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Beau geste defined here seems to be a noble act and from what I know to be the definition of sin, which has the word "immoral" in it, "beau geste" should be its antonym. Even if it isn't the perfect antonym, but it is according to me, can I, or rather, should I use it as the antonym of sin?

I saw all previous posts but didn't find any settling answer.

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    This is probably a local thing, because I'm from NYC and lots of Jewish people live here, but I've heard people use mitzvah as the opposite of sin, a good deed. That is to say, I've heard non-Jewish NYers use it that way; I think I've even used it, and I'm not Jewish.
    – Dan Bron
    Apr 29 '16 at 14:07
  • No need to forgive me, Father, for I have beau gested.
    – GEdgar
    Apr 29 '16 at 14:27
  • Wouldn't atonement be a more appropriate antoymn for sin ?
    – k1eran
    Apr 29 '16 at 21:13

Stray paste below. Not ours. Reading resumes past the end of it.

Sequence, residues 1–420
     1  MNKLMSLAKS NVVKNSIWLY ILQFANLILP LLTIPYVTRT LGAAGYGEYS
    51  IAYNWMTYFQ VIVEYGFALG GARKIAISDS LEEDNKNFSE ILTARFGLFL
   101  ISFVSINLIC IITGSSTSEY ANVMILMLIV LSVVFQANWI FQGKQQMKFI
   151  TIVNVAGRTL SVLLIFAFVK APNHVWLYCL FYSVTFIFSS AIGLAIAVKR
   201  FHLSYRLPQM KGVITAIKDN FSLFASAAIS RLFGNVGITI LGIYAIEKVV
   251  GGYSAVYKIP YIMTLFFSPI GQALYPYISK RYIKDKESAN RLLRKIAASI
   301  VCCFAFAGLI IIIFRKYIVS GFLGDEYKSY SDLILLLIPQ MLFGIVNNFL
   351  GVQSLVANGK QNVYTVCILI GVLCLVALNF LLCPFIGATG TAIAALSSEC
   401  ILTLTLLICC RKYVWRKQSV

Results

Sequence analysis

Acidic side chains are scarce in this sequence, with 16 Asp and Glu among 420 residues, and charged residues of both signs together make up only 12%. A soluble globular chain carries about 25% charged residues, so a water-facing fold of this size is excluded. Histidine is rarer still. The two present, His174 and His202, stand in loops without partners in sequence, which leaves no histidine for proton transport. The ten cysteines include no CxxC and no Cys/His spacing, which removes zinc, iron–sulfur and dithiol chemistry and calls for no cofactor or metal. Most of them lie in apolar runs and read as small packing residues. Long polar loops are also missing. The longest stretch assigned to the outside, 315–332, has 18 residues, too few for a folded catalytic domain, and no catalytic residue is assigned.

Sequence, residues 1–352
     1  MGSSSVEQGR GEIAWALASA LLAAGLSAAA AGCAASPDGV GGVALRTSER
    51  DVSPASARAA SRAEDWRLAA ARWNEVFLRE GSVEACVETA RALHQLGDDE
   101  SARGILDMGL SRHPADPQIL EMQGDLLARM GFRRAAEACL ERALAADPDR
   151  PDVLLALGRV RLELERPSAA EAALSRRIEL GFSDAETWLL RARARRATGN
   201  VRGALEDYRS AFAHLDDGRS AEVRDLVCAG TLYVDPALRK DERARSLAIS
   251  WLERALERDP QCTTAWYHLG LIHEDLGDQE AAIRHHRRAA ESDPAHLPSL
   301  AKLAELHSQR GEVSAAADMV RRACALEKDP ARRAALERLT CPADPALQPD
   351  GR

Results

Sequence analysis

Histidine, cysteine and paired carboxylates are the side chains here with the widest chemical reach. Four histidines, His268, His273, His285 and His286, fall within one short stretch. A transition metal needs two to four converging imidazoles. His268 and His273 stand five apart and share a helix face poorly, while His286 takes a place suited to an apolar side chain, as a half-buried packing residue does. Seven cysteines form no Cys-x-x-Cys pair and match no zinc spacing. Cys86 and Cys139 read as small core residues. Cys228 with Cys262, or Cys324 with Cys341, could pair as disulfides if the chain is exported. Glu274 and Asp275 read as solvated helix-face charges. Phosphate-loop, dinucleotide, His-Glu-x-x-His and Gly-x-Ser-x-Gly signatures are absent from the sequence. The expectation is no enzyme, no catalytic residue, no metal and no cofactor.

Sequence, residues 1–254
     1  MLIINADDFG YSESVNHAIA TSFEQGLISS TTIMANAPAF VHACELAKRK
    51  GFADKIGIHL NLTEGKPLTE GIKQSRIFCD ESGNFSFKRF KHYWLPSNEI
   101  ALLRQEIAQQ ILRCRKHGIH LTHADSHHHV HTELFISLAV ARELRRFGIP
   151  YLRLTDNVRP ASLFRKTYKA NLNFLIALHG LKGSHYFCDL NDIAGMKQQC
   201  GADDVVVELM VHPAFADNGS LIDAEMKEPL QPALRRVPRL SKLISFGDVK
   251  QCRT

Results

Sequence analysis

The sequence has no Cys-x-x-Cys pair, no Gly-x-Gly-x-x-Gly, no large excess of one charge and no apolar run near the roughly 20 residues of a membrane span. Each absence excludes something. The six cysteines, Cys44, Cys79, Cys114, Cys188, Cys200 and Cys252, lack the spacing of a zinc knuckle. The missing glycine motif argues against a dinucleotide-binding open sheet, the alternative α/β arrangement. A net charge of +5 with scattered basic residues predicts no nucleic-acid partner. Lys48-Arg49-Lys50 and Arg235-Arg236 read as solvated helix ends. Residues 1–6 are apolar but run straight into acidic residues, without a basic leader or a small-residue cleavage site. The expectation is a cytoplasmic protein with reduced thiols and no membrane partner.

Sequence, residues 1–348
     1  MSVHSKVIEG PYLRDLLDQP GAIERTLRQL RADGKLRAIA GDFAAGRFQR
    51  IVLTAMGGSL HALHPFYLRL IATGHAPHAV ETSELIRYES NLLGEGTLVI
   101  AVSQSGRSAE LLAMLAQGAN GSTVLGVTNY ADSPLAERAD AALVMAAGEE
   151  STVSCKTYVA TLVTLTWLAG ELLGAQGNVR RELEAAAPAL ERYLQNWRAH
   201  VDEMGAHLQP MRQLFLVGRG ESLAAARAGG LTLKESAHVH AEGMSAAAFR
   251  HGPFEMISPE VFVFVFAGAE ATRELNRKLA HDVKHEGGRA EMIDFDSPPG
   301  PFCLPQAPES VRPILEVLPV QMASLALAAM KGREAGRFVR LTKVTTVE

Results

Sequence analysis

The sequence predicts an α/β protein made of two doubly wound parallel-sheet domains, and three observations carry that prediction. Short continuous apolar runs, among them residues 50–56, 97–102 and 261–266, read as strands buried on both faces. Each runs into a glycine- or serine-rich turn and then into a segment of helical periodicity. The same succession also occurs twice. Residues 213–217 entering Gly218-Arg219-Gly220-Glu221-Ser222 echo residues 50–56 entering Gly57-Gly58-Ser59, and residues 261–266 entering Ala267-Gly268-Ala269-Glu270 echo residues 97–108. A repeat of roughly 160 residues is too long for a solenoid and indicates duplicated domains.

• How has nobody in this whole question even mentioned the word virtue?
    – Angelos
    Aug 27 '19 at 18:54
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We use that expression in french. I wont say it's the opposite of sin. It's just a good gesture. For ex. in a chess game you may let your opponent start the game. it's a beau geste. Not doing that is not a sin.

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  • +1, this act of kindness is not exactly an antonym of sin. A "good deed" is probably a better match.
    – Graffito
    Apr 29 '16 at 22:28
  • A "good deed" is the opposite of a sin and "beau geste" is an exact calque. It may have additional senses, especially in French itself, but that doesn't negate OP's point.
    – lly
    Apr 2 '17 at 19:12
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No, you shouldn't use it as an antonym for sin. First, it's obsolete, clunky, and means something else.

Its English sense doesn't have to follow its French associations but it's not a useful, terse, or well-known enough phrase to supplant more straightforward expressions such as good deed, more well-known borrowings like mitzvah, more erudite latinisms like benefact, or more long-attested archaic terms like douth and desert.

I suppose you could use it in a LARP if everyone were playing French paladins, though.

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  • I barely know you you, but I'm definitely getting to like you. +1 (again).
    – Dan Bron
    Apr 2 '17 at 19:23

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